Community & CSR

Samarpan’s quake-resistant PET bottle homes for Nepal

Even as images of quake-hit Nepal recede from our memory, Samarpan Foundation is determined to deliver a special gift to the country—permanent earthquake-resistant houses made of PET bottles.

Even as images of quake-hit Nepal recede from our memory, Samarpan Foundation is determined to deliver a special gift to the country—permanent earthquake-resistant houses made of PET bottles.


Patrick at damaged houseBy Jahnavi Sarma

We are all aware of the tragedy that has befallen Nepal. Today, after almost two months, people are still trying to recover from the severe damage, loss of life and destruction caused by the earthquakes while dealing with the too frequent aftershocks that rattle the Himalayan Kingdom. The outpouring of relief from around the globe in the form of food packets and shelters, medical aid, drinking water, clothes, the list is endless, have, no doubt, helped the people immensely in their efforts to cope with this tragic time.

But, what most people tend to overlook is that relief is an on-going process especially in a situation, which Nepal is currently facing. The destruction has almost levelled the entire economy of the kingdom and people are faced with the immediate threat of the monsoons and the not too distant freezing Himalayan winter without any prospects of livelihood and decent housing to protect them from the elements.

Samarpan Foundation, a not-for-profit organization, has taken the initiative to build permanent houses in Nepal keeping in mind that this country lies in one of the most volatile seismic region with possibilities of major earthquakes in future. They use ecological construction methods that have been certified to withstand up to 9.8 on the Richter scale. This project will provide long-term support and permanent climate sensitive earthquake resistant homes for the people of Nepal.

Cracked house 18What started as an eco-friendly initiative and a unique waste-management idea is today emerging as the hope of earthquake-devastated Nepal, which is desperately in need of low cost housing. A basic 14×20 house would cost about Rs 1,20,000, without taking into account salvaging costs.

Samarpan’s technique for construction is unique, as they are using the PET bottle and nylon-6 fishnet method that has been tested for certification by the Structural Engineering Research Centre, a constituent of the Council of Scientific and Industrial Research in India.

The patented technology behind the PET bottle and fishnet project was developed by Patrick San Francesco, the chairman of the foundation. Instead of bricks, pet bottles packed tightly with mud are used and these are held together by using nylon-6 fishnets, which is the key to making these buildings earthquake resistant.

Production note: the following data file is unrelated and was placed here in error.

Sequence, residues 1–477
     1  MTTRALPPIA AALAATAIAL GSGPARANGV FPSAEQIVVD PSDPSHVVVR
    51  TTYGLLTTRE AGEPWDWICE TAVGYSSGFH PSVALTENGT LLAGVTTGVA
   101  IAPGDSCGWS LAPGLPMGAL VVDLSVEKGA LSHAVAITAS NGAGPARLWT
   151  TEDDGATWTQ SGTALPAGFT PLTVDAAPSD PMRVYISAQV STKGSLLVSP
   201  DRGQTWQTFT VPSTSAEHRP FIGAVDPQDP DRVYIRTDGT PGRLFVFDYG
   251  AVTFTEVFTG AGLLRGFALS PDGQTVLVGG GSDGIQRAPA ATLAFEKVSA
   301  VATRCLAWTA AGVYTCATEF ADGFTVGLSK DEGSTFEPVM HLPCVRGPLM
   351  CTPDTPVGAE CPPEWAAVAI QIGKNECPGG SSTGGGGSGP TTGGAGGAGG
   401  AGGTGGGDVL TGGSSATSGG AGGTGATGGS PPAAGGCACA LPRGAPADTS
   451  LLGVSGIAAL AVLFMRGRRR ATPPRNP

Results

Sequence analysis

• damaged house 2This method of construction is low cost and an example of recycling PET bottles without any carbon footprint. The process of manually filling the bottles will create a zero investment cottage industry and will provide employment for the Nepalese people participating within the project. In phase I, a construction team of 8 members from India will be assisted by much larger team of Nepalese people as labourers. All donations will fund the purchase of construction materials and labour cost. Once built, Samarpan Foundation will give the completed homes to the Nepalese people. Their aim is to collect INR 50,00,000 for first phase of construction to complete before the severe Himalayan winter.
  • The usage of discarded PET bottles filled with mud makes it an extremely efficient insulator, ideal for the low temperatures in Nepal. Since Nepal is a tourist destination there is an abundance of discarded PET bottles. The use of nylon fishnet in place of steel and the concept of binding the fishnet to the bottles make for an earthquake resistant construction.
  • In rural areas where there may be a dearth of PET bottles due to poor tourist influx, a module has been developed that comprises of clay bricks with fishnet. This has the same bonding as the PET bottle and fishnet module.

Samarpan’s team has already implemented this unique technological marvel in the remote Bali Island, Sunderbans, West Bengal, India, where they have built a 7,000 sq ft 30 bed charity hospital with 3,00,000 bottles. Their successful implementation shows their project management skills and eco construction experience in remote and difficult circumstances.


Some locations have been identified and the groundwork has already started there. Samarpan Foundation volunteers along with local labourers are working in Gorkha district, Dhuwakat, and work is likely to begin soon in Jorpati, Kathmandu.


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